Leung Yan-ming – a hero of the anti-Japanese movement who dedicated 33 years of his life to local education
Leung Yan-ming was a pioneer of modern education in Macao, a political activist, and leader of the anti-Japanese movement during World War II. His years-long commitment to opposing Japanese aggression likely cost him his life, gunned down 24 December 1942 by an unknown assailant.
An accomplished calligrapher and poet, Leung also served in prominent roles in civic and government organisations in addition to his roles as educator and activist. He accomplished much in a life tragically cut short. Today, Leung is remembered as a hero of the anti-Japanese movement and a champion of education in Macao, dedicating 33 years of his life to serving primary and secondary students, as well as the ordinary public.
Dawn of a new era
Born in 1885 in Xinhui, Guangdong province, Leung studied at the Nanhai Model School and Guangdong Normal College, two of the leading educational institutions in Guangzhou at the time.
He came of age in a period of revolutionary ferment, in which the Cantonese played a leading role. One of the areas of greatest change was education. Reformers wanted to introduce the teaching of maths, science, geography, and other modern subjects to replace the study of Chinese classics that had been the basis of education in China for centuries.
In 1905, the Qing dynasty abolished the imperial examination system that relied on knowledge of Chinese classics and literary style. The abolition led to a search for a new form of education to equip young people for the modern world. Swept up in the movement, a young Leung endeavoured to make his own contribution to improving the schooling of China’s children. His work began in 1909 when his father, Leung Tai-cho, decided to move the family from Guangzhou to Macao.
Leung set up a new school in Macao the same year, in a former bookstore on the second floor of a downtown building; he called it Sun Sat Middle School (崇實學校), meaning a school that promoted honesty. In 1910, through the introduction of two members, he joined the Tongmenghui, a revolutionary party led by Dr Sun Yat-sen that was the forerunner of the Kuomintang (KMT), or Nationalist Party. Founded in August 1905 in Tokyo by Sun and his associates, Tongmenghui existed as a secret society and underground resistance movement aimed at overthrowing the Qing dynasty.
In April 1911, Leung and other members of the Tongmenghui embraced a symbolic act of disloyalty to the Qing empire popular among revolutionaries: the cutting of pigtails. They organised the demonstration in the school, risking severe punishment by defying the government mandate that all men wear a pigtail.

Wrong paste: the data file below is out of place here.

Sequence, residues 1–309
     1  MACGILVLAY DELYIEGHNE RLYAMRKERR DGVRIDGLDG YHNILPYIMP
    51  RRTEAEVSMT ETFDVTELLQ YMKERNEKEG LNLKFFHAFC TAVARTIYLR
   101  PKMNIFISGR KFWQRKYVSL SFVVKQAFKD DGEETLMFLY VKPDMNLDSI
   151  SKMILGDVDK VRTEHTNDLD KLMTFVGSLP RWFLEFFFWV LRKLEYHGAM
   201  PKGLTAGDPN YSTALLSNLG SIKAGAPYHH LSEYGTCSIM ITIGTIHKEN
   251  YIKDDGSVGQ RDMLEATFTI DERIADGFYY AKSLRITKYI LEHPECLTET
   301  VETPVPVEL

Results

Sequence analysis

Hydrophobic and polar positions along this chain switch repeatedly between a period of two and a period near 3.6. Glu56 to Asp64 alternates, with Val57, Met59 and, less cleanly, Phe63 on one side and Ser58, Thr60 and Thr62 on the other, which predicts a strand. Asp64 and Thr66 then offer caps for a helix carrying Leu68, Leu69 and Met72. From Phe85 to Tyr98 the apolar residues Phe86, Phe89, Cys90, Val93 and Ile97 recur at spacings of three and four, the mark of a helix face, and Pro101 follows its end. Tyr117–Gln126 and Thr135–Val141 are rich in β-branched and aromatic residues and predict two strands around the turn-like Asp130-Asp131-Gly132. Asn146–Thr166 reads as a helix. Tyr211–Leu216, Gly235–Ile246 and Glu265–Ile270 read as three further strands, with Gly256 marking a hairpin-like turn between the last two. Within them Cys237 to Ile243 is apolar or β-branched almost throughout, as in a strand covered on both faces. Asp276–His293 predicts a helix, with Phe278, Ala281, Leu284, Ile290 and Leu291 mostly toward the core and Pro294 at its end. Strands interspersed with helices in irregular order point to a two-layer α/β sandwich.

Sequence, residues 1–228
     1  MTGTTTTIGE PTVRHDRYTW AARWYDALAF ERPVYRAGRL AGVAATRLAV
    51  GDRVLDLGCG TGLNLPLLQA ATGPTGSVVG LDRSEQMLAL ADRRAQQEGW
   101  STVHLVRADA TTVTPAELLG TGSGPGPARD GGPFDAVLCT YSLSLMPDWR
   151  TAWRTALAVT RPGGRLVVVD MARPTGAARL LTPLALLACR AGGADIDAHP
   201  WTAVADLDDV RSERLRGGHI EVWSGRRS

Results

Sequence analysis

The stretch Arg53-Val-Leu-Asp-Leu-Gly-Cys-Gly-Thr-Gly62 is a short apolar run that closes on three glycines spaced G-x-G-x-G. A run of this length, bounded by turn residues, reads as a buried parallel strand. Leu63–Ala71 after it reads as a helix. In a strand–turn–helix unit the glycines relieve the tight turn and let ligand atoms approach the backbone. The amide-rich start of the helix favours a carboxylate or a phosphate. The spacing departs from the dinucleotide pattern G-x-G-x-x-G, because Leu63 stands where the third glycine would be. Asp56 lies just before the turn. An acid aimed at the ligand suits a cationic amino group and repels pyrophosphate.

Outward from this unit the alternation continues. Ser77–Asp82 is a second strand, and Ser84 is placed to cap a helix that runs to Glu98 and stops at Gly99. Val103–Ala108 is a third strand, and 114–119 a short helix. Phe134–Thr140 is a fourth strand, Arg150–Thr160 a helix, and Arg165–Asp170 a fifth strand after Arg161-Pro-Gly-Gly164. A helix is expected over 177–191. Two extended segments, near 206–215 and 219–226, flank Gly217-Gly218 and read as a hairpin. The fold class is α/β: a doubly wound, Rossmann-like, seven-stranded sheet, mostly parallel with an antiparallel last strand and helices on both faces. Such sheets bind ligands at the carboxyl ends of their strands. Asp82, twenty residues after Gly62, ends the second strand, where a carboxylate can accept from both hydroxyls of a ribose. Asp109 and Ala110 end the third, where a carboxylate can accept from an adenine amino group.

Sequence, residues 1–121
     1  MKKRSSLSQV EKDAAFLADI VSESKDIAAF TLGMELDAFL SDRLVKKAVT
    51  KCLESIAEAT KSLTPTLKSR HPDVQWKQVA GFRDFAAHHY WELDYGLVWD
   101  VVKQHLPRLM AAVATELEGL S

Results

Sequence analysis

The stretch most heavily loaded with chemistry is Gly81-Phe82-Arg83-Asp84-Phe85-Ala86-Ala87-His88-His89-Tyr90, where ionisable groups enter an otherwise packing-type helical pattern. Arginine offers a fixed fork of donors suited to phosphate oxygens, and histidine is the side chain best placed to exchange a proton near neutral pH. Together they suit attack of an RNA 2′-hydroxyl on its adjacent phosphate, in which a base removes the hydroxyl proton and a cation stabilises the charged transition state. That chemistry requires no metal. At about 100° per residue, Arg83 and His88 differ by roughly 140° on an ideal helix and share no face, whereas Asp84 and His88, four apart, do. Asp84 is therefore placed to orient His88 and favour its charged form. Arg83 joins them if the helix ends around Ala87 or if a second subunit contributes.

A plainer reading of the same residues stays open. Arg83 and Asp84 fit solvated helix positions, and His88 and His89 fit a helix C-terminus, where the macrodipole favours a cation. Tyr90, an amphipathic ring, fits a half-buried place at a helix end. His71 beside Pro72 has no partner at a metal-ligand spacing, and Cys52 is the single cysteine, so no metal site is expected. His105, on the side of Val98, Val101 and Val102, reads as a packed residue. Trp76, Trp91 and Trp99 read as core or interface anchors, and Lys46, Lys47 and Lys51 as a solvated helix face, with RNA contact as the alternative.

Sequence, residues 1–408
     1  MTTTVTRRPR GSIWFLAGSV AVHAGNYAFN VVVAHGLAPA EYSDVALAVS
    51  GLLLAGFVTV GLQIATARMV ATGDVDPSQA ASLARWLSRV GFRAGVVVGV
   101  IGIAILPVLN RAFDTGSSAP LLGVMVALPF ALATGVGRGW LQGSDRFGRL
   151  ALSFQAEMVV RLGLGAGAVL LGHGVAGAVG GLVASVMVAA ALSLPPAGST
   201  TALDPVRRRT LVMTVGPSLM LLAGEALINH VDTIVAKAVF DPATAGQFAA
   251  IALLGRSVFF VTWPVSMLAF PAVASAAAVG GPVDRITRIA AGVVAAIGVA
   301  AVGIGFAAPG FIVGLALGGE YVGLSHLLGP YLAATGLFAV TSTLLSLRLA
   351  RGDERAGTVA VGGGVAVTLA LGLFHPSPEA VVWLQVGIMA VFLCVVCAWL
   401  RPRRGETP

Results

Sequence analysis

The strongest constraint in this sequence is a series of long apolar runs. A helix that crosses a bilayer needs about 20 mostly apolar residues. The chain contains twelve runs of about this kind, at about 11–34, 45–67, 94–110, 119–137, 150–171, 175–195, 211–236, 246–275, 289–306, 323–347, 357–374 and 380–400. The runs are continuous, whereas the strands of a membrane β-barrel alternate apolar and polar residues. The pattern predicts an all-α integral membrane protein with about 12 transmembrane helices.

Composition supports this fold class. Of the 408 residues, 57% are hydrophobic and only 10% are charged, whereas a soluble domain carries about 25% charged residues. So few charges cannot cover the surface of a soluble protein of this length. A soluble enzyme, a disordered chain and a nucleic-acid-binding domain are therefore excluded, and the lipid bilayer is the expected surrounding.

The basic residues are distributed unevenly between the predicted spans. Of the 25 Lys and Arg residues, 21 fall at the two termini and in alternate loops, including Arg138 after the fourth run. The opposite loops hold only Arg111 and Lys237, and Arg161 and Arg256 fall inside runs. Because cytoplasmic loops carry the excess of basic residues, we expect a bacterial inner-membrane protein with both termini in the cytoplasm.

Six months later, in October 1911, a military uprising in Wuchang, Hubei province, set off the Xinhai Revolution. Revolts and uprisings swept across the country, drawing in people from varied walks of life, including revolutionaries like Leung; the Qing dynasty fell within months, bringing an end to imperial rule.
Building the school
Under Leung ’s leadership, Sun Sat Middle School developed rapidly, becoming one of the best-known schools in the city. It expanded to offer classes from primary to early middle school, as well as housing for faculty and students in a three-storey apartment building in the Nan Wan area in Macao.
Instruction focused on preparing students for education in the mainland, arming them with the tools needed to keep pace with advancements. To this end, Leung set up a Boy Scouts troop and added military training in the middle school.
He ordered a batch of fake rifles from Guangzhou for training, but met with strong opposition from the Portuguese government, which did not allow military training outside its control. While Leung was forced to drop the planned training exercises, he retained more than 100 rifles, storing them on shelves lining both sides of the school’s main assembly hall.
In 1920, Leung helped found the Macao branch of the Chinese Education Association (CEA). The organisation sought to promote the unity and development of teaching in the city, emphasising the importance of cultivating Chinese language education, culture, and patriotism. They founded a free school the same year, aimed at providing education to ordinary people.
Most schools for Chinese living Macao were private, and while the organisations running them tried to keep tuition fees low, some children could not afford to attend. Others came to the city as teens or adults without an education. Free schools granted many ordinary Chinese a unique opportunity to receive education. In 1927, seven years after opening the free school with the CEA, Leung founded Kiang Wu Free School.
Leung dedicated more than 30 years of his life to developing and promoting education in the city. Many of the graduates of his school went on to play prominent roles in the life of Macao.
Fighting for a nation
For Leung, his teaching and political work were part of the same struggle: to strengthen and modernise China. Having succeeded in overthrowing the Qing dynasty, the three-year-old government of the Republic of China faced another imperial threat: Japan. In January 1915, Tokyo issued the Twenty-One Demands, a list of stipulations designed to dramatically expand Japanese control of Manchuria and China. The blatant attempt to transform the new republic into little more than a puppet state prompted sharp protests across China. Leung joined with others to organise an association to boycott Japanese goods and “save the nation.” They were not alone.